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Power plane polygon pours

FuzzyOtter , 02-16-2024, 08:02 PM
Hi friends, still somewhat new to the game, and have a few questions about routing. I am working on a 2-layer board design that includes a buck converter (LMR51606, 1.1MHz, 14V in, 5V out). I have placed and routed the components taking some design cues from the datasheet. I have laid a polygon pour for the incoming power (net INT_Vss), and for the switching node. My questions are:
1) Should I lay an small polygon pour for GND connections around the buck converter now, or should I wait until I add the top and bottom layer pour (both of which will be GND) and review it to make sure there is sufficient GND connection then? In the attached, I have shown the routing with a top layer GND pour.
2) Are thermal reliefs around the pads of devices connected to a GND pour detrimental in this kind of application? I can't imagine the inductance is high enough to be significant, but I see many designs do not include them and simply directly connect, so I need to do some research here.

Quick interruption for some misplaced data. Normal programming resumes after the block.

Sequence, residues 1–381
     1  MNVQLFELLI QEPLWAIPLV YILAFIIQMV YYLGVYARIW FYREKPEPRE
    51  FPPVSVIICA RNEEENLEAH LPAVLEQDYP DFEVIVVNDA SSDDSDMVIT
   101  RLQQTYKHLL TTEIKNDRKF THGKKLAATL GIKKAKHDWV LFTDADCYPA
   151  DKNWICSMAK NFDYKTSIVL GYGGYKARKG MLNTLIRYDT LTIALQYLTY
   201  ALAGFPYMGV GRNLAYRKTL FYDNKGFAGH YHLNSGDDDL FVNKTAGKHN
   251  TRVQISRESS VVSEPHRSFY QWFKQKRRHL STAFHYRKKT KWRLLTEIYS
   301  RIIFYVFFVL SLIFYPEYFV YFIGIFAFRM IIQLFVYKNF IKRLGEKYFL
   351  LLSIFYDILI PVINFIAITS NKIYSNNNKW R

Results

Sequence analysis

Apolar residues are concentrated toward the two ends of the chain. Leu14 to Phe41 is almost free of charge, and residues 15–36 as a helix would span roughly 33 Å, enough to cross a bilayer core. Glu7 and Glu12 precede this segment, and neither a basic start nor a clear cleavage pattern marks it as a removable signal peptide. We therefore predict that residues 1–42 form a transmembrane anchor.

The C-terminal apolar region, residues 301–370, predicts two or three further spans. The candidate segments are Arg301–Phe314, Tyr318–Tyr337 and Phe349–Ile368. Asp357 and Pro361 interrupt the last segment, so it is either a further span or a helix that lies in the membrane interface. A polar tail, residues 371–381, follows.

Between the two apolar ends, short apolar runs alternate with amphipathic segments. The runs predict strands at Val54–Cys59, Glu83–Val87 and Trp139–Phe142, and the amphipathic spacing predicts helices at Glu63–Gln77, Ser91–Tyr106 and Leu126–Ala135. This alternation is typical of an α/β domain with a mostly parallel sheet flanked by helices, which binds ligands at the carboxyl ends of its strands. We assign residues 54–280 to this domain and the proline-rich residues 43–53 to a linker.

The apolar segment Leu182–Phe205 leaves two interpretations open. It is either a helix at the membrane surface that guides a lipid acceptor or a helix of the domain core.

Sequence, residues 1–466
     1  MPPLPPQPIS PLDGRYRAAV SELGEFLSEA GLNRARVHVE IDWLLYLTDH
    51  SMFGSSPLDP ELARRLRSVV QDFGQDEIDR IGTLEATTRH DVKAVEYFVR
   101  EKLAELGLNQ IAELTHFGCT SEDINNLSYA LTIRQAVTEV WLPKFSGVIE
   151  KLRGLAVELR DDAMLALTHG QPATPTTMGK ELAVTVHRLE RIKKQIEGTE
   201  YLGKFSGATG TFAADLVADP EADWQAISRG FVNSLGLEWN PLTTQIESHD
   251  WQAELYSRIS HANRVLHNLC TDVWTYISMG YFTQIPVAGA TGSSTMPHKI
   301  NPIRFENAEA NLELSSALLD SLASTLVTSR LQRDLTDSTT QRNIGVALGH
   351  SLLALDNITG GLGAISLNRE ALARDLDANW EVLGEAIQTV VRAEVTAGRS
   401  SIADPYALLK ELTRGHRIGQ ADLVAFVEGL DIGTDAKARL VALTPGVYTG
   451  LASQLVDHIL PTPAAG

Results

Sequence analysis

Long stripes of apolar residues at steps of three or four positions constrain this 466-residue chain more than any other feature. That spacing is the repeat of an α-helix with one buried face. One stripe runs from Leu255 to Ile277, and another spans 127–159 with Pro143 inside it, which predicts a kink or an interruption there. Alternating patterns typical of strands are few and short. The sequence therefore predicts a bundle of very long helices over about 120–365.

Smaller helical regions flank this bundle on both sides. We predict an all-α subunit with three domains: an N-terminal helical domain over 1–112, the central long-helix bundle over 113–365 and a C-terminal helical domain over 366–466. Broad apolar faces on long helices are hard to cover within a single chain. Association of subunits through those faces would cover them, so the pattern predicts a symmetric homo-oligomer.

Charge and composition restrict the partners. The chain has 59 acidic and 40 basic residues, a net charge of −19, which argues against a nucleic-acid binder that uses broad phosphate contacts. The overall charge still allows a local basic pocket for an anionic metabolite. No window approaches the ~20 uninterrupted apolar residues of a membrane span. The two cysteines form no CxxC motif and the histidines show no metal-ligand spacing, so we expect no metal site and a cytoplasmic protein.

3) Open to suggestions/feedback about the layout in general. I might be worrying about nothing, or perhaps I'm missing a bigger picture. Only 2 or 3 of these will be made for a personal project, but I'd like to learn as much as I can along the way.
corlas , 02-17-2024, 09:45 AM
1. I think it's application specific, but in this case a large polygon at the end of the design is better.
2. Usually it's better to do a solid connection, but it's worse to solder it.
3. I think this layout is fine. Just change the vias to tented vias so they are covered by the mask.
QDrives , 02-17-2024, 03:40 PM
Thermal relief becomes more important for thicker copper and manually (de)soldering.
However, I have never had problems with adding thermal reliefs.
Robert Feranec , 02-18-2024, 11:16 AM
I would probably place C6 and C7 very close to the L1 pin and I would probably route the Vin to both pins.
Roomi#0787 , 02-20-2024, 03:39 AM
I prefer without thermals specially for the inductors and controller chip as it helps a bit in heat dissipation
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